Charity leader says thieves 'have stolen our hearts'
By BEN MONTGOMERY
Published March 16, 2007
The thief shattered the window by the crucifix, slipped past the portrait of Jesus and laid hands on the file cabinet in the corner.
When the sun came up and the lights shone Tuesday morning at the St. Vincent de Paul ministry, the cabinet was gone.
Althea Lee saw it coming.
Call it intuition.
Last week, after meeting a woman whose husband waited sour-faced in the car, after covering the family's $320 electric bill, Lee printed a prayer to pass among the ministry's workers.
We come to you today, Lord
To ask your blessing on our Ministry.
Shield us from the evildoers
As we do Your work.
For 30 years, the ministry has shown love to the poor, no questions asked, passing out stamps and gas vouchers and gift cards to Wal-Mart and Publix.
For 30 years, those without have returned gratitude.
People like Indian Joe. Lee noticed him sweating and pacing outside about two years ago.
"Would you like some water?" she asked.
He said he would. She thought she saw the face of God.
She gave him a $10 voucher for candy, soda, whatever.
A few months later, a letter came. Please pass this on to another who may need it, Joe wrote. Attached was $10.
"We gave to honest people who needed help," Lee said.
"That," said employee Liz Schenk, "is getting harder and harder to do."
Things changed. Word spread about the help. The ministry will cover an electric bill, then 10 people show up with past-due bills.
Something unnerved Lee about the couple last week. Still, she decided to help. She invited the woman in and fished for gift cards in the cabinet, the one with the lock by the picture of Jesus.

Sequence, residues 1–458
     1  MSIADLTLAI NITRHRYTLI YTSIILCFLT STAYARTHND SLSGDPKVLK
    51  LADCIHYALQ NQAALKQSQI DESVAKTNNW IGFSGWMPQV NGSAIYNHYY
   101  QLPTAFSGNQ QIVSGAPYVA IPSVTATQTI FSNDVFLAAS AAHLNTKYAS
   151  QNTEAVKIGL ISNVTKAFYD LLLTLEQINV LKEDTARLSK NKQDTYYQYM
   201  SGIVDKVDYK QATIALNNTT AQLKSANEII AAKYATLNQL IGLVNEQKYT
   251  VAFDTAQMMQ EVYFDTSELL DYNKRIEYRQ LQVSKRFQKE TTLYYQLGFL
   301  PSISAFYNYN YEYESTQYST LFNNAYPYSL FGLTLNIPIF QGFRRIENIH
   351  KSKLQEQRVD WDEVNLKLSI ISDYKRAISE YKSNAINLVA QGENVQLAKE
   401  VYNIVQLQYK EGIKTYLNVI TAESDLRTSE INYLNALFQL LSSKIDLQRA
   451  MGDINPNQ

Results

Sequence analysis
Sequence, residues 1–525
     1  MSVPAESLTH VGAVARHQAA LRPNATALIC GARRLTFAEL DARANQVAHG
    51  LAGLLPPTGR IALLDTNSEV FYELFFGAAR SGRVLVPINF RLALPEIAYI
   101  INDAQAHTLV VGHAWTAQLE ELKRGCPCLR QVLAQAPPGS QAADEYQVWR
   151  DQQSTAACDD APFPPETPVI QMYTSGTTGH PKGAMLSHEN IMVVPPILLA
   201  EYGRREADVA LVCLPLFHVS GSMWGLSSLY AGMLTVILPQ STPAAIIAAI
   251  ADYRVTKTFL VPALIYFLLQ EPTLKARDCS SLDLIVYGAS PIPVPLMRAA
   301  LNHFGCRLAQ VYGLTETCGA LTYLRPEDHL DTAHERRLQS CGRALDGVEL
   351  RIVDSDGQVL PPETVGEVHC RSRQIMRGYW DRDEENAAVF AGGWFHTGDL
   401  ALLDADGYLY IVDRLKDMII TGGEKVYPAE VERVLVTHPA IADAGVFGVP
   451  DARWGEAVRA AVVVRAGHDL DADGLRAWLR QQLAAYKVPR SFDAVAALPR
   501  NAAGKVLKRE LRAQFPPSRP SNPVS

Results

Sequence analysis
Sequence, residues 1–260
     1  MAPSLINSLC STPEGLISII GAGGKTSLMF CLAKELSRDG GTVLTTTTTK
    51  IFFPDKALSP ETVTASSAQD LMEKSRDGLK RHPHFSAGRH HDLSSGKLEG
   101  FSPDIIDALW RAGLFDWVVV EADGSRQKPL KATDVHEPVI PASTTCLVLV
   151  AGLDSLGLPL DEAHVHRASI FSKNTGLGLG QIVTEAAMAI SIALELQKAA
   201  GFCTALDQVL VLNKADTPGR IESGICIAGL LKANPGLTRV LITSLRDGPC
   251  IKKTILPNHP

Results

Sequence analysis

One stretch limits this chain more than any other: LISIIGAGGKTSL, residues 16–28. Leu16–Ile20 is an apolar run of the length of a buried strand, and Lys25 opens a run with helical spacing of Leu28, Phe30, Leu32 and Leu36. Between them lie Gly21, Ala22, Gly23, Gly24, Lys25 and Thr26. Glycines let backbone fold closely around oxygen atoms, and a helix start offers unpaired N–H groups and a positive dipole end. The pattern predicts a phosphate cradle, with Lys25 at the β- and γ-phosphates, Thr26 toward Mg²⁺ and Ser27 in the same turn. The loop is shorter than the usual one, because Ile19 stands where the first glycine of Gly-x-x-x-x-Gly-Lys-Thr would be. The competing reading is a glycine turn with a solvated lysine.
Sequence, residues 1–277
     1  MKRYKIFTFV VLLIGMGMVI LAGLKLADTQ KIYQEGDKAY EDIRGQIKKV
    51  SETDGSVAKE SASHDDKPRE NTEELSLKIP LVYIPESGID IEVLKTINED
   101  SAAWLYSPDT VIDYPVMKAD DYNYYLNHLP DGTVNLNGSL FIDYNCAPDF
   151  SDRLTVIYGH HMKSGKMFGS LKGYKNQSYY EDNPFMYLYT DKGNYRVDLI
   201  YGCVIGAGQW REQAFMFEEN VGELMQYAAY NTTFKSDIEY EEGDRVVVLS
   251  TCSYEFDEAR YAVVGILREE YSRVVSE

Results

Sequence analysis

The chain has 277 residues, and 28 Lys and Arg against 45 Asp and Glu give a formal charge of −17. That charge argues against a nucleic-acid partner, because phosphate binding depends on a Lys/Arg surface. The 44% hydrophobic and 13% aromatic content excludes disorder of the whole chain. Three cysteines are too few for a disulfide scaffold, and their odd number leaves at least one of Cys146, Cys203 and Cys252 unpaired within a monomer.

But she couldn't pray the evildoers away.
"We're supposed to see the face of God in everyone we see, so we give them the benefit of the doubt," Lee said. "But how can we help people when we're faced with this kind of ugliness?
"They have stolen our hearts."
Lee knows who took the file cabinet and about $600 in gift cards and stamps. They cashed a voucher at a nearby gas station.
She wanted to confront them because she thinks people are not accountable in society anymore. She decided to leave it to sheriff's deputies to pursue justice while she wrestles with questions about grace and mercy.
She said she has decided to forgive. She also has decided to be skeptical, to listen to her gut.
She has learned lessons from that broken window.
"What surprises me is when you extend kindness to people and they give you gall," she said.
Then she pauses.
"I know now how Jesus felt."
Ben Montgomery can be reached at email@example.com or 813 661-2443.
[Last modified March 15, 2007, 07:33:16]
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